China’s new home prices rose for a third month in all but one city in July, led by gains in the biggest metropolitan centers on anticipation the government will focus on a longer-term housing plan than immediate curbs.
Prices climbed in 69 of the 70 cities the government tracked last month from a year earlier, the National Bureau of Statistics said in a statement yesterday, matching the data for May and June. The southern business center of Guangzhou posted the biggest advance, rising 17 percent from a year earlier, while those in Beijing and Shanghai both increased 14 percent. All three cities had their biggest gains since the government changed its methodology for the data in January 2011.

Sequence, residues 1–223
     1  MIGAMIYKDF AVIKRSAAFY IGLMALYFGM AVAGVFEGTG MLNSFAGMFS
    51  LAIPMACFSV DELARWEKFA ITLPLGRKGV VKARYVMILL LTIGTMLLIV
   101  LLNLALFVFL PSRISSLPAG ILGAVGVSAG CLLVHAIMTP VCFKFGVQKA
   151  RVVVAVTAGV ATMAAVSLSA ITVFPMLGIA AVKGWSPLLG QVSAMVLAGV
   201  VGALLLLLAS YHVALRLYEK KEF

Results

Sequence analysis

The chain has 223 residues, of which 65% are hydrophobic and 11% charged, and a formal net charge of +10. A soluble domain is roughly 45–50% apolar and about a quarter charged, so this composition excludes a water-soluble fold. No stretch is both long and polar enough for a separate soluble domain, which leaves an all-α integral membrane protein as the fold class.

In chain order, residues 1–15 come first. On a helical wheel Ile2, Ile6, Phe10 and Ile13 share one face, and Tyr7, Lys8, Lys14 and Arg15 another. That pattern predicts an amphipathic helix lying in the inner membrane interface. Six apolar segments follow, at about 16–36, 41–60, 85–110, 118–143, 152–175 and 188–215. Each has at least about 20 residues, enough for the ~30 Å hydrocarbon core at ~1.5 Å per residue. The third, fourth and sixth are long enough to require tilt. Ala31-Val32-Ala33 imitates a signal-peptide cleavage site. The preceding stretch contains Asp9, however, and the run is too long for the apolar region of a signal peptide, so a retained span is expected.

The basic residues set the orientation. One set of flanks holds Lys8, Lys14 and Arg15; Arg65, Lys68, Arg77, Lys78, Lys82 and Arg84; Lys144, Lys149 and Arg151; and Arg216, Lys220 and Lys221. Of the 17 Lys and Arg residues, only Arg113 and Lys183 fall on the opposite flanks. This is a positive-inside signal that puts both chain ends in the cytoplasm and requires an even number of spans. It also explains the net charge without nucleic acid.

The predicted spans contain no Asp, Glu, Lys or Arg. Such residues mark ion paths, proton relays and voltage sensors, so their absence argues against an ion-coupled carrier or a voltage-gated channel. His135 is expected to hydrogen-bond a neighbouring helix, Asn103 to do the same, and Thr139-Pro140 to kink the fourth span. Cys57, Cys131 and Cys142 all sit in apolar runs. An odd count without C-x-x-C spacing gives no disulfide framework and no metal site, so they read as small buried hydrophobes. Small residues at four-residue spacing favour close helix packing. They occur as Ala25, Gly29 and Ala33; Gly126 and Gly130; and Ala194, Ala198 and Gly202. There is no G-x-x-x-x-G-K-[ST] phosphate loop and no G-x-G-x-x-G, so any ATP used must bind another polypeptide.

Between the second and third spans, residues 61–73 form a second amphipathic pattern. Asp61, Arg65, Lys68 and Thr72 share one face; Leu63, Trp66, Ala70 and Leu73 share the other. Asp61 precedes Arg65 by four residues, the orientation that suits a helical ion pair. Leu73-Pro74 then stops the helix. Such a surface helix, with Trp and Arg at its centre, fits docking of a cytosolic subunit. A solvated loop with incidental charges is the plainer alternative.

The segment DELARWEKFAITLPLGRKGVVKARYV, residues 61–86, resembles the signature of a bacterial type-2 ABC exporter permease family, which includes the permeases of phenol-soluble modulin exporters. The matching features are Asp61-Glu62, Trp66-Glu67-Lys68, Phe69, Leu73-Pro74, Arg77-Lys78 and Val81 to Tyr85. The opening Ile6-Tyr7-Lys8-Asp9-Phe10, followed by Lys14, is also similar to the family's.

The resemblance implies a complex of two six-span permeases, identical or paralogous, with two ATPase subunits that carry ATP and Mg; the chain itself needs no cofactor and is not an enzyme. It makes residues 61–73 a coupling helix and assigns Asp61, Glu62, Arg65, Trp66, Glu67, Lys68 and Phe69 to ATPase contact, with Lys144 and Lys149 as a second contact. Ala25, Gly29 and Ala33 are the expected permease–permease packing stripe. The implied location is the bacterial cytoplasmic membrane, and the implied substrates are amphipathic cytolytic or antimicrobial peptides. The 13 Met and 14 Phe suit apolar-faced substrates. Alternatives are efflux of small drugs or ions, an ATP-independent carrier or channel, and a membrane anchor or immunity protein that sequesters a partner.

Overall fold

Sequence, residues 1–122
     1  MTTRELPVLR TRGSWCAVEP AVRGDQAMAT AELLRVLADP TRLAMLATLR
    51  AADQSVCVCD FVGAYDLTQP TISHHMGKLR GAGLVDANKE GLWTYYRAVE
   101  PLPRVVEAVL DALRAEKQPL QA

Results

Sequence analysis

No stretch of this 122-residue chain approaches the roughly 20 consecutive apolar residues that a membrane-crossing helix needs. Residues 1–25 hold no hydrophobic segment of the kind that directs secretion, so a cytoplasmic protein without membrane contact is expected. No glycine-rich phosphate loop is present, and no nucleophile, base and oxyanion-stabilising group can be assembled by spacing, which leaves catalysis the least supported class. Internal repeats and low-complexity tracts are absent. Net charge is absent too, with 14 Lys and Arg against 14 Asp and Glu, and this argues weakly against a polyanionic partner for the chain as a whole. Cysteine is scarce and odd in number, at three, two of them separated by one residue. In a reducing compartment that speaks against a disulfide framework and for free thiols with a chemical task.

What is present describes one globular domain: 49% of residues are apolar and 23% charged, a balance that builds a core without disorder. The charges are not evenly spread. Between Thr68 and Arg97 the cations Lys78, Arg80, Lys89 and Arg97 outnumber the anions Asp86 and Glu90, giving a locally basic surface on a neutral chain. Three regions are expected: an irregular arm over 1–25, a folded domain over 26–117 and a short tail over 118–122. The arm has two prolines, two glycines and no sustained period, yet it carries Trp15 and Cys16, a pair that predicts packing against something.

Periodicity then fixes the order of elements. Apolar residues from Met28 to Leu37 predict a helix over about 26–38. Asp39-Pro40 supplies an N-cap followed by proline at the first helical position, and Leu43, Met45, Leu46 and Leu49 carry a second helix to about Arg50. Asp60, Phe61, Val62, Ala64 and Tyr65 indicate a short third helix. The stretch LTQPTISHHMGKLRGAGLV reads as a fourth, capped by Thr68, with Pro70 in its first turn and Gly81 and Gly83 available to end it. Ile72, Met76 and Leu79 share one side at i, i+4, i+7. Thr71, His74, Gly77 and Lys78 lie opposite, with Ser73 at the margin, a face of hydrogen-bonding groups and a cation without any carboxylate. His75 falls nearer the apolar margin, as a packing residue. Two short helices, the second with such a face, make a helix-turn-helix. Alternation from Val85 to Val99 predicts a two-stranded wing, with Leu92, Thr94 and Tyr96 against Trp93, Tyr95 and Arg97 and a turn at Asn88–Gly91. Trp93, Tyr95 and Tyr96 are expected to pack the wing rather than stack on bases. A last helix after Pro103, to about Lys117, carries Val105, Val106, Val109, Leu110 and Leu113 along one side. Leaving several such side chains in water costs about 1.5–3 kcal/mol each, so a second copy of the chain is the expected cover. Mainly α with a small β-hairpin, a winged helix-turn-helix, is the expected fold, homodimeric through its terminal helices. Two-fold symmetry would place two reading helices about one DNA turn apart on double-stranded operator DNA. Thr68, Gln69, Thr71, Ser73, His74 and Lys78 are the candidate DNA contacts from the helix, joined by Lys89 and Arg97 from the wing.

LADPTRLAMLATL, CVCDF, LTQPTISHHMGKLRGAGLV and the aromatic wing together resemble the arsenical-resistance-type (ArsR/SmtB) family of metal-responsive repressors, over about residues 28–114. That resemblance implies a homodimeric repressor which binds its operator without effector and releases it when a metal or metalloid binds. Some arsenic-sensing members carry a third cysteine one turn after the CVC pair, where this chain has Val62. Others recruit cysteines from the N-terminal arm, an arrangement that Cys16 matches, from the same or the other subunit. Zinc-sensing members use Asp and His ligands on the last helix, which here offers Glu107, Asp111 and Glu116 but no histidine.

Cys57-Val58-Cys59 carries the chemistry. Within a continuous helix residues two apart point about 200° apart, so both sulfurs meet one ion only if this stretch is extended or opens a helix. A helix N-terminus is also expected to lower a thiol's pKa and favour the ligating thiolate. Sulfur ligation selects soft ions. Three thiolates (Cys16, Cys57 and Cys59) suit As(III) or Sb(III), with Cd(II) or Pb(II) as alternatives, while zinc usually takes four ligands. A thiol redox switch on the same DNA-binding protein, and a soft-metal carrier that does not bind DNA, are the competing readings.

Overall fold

“The new leadership seems to have a higher tolerance for rising home prices than the previous government,” Ding Shuang, a senior China economist at Citigroup Inc. in Hong Kong, said in an interview yesterday. “It’s unlikely that the government will issue nationwide curbs or ease policies. The government will likely to aim at long-term policies by increasing more supply.”
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